I was first introduced to golf when my Dad took my brother and I to a 9-hole course called “Lakeview” in Jackson’s Point, Ontario. We were about 11 or 12. It was a great course to play as beginners. We learned a lot of golf etiquette, as young players. First and foremost, allow faster players to play through and keep up with the group ahead. I wish today more golfers would adhere to that even today.
“As beginners, after about 2 weeks our mother would drop us off at the course and pick us up at the end of the day…. probably to get us out of her hair. Living in a small town, many people knew who we were, and if we were misbehaving on the golf course, we were not allowed to go back for 2 weeks. Our Dad taught us just to have fun; no score cards at first.
My introduction to Hickory golf was on a trip to Pinehurst, North Carolina in October 2009. My friend had signed us up for a hickory tournament, on Pinehurst #3. The night before I was still skeptical whether I should play or not. I was worried about breaking the clubs. My friend, assured me that if I did, he “knew a guy” that could fix them and that fellow’s name was Dr. Jay Harris. As it turns out, on the 2nd hole I broke my first club. I was told to pick up the parts, which I did, and after the round we went to Jay’s house. When we got there, I had never seen, nor could I imagine, so many wooden shafted clubs. I could not even begin to guess how many he had. He was working on building a set for someone and we got talking swing weight, grips, pinning heads, total weight, etc. I had so many questions. At this point, I knew I was hooked on hickory. Oh yeah, Jay gave me another club to replace the broken one. I went back in December and bought a set from him. I had no idea at the time if there was a hickory group here in Canada but was told by Jay to contact Doug Marshall, who, lived in London, Ontario and sat on the Board of Directors for the Golf Historical Society of Canada. I called Doug and he got me up to speed with GHSC. I’m now a member of GHSC, Carolina Hickory Association, and the Society of Hickory Golfers.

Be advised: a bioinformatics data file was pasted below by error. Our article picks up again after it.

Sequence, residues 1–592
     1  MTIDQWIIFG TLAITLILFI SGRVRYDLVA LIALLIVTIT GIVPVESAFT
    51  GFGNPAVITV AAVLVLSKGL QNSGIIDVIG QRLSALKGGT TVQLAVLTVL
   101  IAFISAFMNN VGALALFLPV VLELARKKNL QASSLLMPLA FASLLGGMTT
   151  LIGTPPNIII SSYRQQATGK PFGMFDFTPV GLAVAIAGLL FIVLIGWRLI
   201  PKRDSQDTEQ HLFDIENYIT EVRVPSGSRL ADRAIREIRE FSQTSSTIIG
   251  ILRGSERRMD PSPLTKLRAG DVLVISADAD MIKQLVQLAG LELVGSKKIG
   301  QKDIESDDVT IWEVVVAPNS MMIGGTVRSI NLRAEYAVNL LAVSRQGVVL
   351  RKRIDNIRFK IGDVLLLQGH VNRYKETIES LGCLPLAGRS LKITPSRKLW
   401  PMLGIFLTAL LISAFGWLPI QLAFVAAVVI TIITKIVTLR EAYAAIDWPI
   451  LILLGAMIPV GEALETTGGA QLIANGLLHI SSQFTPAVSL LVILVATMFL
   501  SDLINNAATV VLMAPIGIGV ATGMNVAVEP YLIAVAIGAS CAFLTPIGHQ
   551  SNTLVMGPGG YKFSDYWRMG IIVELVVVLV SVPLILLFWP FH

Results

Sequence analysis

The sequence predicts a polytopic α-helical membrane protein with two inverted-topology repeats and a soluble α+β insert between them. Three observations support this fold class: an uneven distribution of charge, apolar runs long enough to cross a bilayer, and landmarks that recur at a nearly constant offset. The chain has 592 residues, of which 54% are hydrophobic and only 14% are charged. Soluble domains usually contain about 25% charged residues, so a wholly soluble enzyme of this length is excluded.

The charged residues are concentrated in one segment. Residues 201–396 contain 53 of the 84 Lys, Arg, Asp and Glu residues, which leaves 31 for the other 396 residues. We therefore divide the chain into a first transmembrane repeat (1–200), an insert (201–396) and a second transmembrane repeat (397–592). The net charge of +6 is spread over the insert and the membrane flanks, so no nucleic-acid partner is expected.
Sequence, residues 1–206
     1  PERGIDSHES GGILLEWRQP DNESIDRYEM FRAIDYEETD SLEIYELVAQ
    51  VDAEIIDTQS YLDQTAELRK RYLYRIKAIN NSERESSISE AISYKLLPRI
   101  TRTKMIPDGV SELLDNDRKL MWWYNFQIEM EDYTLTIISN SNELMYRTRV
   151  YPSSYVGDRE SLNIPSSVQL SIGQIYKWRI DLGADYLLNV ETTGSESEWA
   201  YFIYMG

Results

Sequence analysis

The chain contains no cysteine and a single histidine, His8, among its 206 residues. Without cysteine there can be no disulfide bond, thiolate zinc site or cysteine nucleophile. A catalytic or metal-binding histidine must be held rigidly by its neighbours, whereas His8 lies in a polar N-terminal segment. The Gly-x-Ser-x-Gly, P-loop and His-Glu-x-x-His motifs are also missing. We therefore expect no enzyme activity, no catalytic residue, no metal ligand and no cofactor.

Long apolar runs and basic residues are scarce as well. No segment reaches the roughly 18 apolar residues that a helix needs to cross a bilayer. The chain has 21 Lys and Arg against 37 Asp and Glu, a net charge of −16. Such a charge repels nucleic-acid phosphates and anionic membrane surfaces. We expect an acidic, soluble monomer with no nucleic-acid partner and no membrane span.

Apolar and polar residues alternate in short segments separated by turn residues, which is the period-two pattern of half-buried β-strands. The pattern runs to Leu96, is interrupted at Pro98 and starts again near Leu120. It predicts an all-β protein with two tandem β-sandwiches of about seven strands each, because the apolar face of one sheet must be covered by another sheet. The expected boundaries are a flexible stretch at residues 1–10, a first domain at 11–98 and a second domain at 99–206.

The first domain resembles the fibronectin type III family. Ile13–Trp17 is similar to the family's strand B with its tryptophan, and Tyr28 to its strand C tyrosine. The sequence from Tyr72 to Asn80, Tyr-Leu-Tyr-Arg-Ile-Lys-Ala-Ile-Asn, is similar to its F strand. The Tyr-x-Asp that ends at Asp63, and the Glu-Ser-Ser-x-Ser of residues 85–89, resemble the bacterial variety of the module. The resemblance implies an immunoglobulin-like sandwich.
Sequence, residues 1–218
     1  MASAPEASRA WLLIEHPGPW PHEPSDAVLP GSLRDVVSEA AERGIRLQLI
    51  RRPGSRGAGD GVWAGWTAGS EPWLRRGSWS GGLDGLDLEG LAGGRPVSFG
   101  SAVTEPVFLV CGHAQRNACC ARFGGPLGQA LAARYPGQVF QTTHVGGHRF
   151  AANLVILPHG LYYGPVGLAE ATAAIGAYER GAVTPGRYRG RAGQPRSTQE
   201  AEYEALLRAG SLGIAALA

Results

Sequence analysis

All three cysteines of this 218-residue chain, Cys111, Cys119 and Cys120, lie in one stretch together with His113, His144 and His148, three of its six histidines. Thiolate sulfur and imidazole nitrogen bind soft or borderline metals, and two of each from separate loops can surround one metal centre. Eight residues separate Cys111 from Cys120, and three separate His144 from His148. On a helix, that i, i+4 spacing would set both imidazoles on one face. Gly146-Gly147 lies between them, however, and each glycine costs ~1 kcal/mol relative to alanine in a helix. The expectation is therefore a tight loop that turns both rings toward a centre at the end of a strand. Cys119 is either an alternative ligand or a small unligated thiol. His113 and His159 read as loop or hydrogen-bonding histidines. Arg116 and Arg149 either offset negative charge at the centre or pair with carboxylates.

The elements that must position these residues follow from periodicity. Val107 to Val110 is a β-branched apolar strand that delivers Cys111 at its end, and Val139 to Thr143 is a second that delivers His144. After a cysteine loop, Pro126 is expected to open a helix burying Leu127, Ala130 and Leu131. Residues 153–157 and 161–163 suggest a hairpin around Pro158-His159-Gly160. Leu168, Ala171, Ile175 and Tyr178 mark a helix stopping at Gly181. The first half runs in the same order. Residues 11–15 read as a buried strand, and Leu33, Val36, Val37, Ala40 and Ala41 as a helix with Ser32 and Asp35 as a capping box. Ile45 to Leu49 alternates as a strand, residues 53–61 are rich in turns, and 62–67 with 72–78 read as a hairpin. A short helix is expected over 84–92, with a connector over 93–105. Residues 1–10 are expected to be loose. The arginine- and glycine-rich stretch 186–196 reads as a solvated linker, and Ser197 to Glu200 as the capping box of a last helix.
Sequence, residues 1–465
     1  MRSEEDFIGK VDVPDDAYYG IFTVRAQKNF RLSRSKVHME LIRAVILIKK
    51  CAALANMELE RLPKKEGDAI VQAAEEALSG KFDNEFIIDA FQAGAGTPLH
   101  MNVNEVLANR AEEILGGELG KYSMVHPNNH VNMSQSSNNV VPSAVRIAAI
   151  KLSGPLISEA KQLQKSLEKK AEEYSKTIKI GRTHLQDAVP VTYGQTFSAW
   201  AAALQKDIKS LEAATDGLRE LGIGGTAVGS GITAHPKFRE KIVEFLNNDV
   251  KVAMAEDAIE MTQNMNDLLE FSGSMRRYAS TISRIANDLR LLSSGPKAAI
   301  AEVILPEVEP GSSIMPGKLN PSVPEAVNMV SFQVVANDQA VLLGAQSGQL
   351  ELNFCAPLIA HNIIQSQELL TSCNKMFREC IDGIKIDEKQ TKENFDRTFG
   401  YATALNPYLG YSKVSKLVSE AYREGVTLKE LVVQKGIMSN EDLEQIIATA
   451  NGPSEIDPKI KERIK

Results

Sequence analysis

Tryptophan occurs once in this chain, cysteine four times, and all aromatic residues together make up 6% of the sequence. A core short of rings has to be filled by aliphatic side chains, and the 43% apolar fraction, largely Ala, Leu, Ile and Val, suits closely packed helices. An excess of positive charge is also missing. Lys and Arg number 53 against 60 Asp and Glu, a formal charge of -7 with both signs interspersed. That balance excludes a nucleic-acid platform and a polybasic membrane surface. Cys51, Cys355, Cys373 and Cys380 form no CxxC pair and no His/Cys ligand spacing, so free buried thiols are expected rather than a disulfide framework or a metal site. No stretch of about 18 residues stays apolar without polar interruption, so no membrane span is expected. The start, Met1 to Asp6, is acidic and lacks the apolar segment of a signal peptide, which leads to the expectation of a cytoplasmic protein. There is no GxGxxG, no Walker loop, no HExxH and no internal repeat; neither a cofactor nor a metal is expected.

In 2014, I had some health issues and needed something to do in the winter, so I contacted Jay and he gave me direction on how to build my own set. I got a swing weight machine and I was off. Jay sold me the heads and shafts. Jay would send me all the spec’s on the clubs and I learned to glue the shafts, pin them, grip them, and weigh them, so that each club was the same. Even getting the flex the same. Great experience.
I feel, once you have had the chance to play hickory clubs, and talk to different golfers about hickory golf, you will be as enthused about the equipment and the Grand Old Game as myself and all the other GHSC members.
I have a number of clubs now, including a pre-1900 set of smooth faced clubs, which I don’t play with as much. Since I started playing post-1900 hickory’s. I found I need different clubs for different shots, so of course, I’ve added to my collection (maybe to many times). I also have 2 sets of replica clubs.
I mostly play with Stewart Model hickory replica’s made by Louisville Golf, and a Tad Moore mallet putter. I also have a couple of authentic clubs to round out the set.
I really enjoy Donald Ross designs. Pinehurst #2 and Pinehust #3, Mid Pines and Pine Needles, all of these are in the Carolina’s. I also like my home course call Wildwinds, near Fergus. It too is a links course.
I joined the GHSC in 2010 and a few years later was asked to sit on the Board of Directors as a Director-at-large. I have assisted in many hickory events and enjoy helping celebrate different Golf Course Anniversary events.